Between Soul Cycle, Fitbit, Whole30 diets and social media health gurus, the health and wellness industry is booming — but Americans are more likely to be obese today than ever before.
The problem: Despite promises made by gyms and fitness programs, physical activity does little to help people lose weight, says Ashkan Afshin from the Institute for Health Metrics and Evaluation at the University of Washington. And Americans' diets are still terrible.
It’s the only disease that we put the blame on the patient and remove it from the health care provider.
— Fatima Cody Stanford, obesity medicine physician scientist, Massachusetts General Hospital and Harvard Medical School
One key trend:
The prevalence of diseases most attributed to obesity — high blood pressure, diabetes and high cholesterol — has held steady or even fallen over the past few years, according to data from the Centers for Disease Control and Prevention.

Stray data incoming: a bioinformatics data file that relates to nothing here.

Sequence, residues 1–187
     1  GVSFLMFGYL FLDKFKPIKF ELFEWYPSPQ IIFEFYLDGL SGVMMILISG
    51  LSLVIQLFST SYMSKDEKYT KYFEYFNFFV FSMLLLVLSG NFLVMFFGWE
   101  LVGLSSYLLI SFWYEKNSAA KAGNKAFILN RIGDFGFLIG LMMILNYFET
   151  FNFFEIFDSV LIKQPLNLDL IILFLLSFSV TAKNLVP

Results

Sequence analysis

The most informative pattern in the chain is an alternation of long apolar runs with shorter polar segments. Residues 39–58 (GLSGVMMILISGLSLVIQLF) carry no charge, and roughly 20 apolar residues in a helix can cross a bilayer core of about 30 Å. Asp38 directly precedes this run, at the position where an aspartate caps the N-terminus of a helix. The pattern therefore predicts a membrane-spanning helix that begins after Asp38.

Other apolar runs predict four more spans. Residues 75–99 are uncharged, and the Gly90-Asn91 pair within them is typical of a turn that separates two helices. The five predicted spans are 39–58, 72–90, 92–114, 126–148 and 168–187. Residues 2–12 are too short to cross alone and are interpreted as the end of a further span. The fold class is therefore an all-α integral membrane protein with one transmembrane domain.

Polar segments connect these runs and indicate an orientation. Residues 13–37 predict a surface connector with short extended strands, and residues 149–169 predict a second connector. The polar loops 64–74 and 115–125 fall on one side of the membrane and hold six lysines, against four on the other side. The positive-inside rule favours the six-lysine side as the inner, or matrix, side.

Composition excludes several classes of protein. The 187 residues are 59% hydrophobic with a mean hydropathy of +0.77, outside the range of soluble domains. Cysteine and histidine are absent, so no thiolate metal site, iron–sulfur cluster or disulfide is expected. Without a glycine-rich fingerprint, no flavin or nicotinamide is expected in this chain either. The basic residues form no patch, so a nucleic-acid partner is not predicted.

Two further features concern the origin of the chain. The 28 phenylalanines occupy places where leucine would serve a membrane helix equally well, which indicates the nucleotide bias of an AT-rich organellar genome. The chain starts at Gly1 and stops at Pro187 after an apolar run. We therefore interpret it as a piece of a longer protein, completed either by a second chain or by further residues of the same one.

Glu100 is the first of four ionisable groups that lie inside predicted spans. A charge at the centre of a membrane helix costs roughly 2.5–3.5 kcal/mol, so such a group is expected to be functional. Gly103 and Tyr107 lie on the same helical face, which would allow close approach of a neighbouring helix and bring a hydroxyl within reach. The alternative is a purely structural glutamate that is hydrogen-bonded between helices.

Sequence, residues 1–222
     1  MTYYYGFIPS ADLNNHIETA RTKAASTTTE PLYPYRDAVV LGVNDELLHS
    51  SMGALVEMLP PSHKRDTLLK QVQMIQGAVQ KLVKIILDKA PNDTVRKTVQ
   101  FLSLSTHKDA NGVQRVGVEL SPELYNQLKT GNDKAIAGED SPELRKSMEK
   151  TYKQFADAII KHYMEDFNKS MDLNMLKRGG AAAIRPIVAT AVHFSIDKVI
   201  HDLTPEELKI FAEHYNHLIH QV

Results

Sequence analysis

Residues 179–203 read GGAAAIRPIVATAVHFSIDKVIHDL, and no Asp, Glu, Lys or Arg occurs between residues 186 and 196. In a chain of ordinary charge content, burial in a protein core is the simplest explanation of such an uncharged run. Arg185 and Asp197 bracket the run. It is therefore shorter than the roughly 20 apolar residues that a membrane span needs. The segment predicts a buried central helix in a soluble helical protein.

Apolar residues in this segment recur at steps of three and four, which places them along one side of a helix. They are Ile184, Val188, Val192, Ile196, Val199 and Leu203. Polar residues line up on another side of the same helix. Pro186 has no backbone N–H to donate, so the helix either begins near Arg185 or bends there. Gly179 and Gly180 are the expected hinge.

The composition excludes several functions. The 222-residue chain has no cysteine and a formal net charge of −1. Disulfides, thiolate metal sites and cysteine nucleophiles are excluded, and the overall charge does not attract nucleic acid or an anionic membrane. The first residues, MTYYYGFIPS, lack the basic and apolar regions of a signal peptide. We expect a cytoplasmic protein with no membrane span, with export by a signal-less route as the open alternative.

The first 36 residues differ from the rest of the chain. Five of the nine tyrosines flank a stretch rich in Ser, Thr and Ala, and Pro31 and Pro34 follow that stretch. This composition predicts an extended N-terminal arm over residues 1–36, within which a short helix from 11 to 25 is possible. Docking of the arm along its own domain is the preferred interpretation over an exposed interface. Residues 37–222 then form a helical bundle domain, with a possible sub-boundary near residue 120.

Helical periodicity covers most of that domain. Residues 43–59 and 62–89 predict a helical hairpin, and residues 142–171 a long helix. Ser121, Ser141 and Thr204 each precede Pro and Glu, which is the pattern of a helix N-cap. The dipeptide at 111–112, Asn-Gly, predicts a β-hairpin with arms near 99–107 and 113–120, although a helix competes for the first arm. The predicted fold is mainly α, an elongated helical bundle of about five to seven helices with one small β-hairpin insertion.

The U.S. fitness industry is the most lucrative in the world, bringing in $30 billion worth of revenue in 2017, according to the latest report by the International Health, Racquet and Sportsclub Association (IHRSA) — a global trade association for the fitness industry.
The bottom line: "Our bodies are now supportive of an environment that really supports obesity," Stanford said. Meanwhile, the medical community and insurance regulations are slow to help obese patients until they've been diagnosed with other serious health issues associated with the disease.
Are you looking to finally looking rid yourself of diest and make a lifestyle change that fits?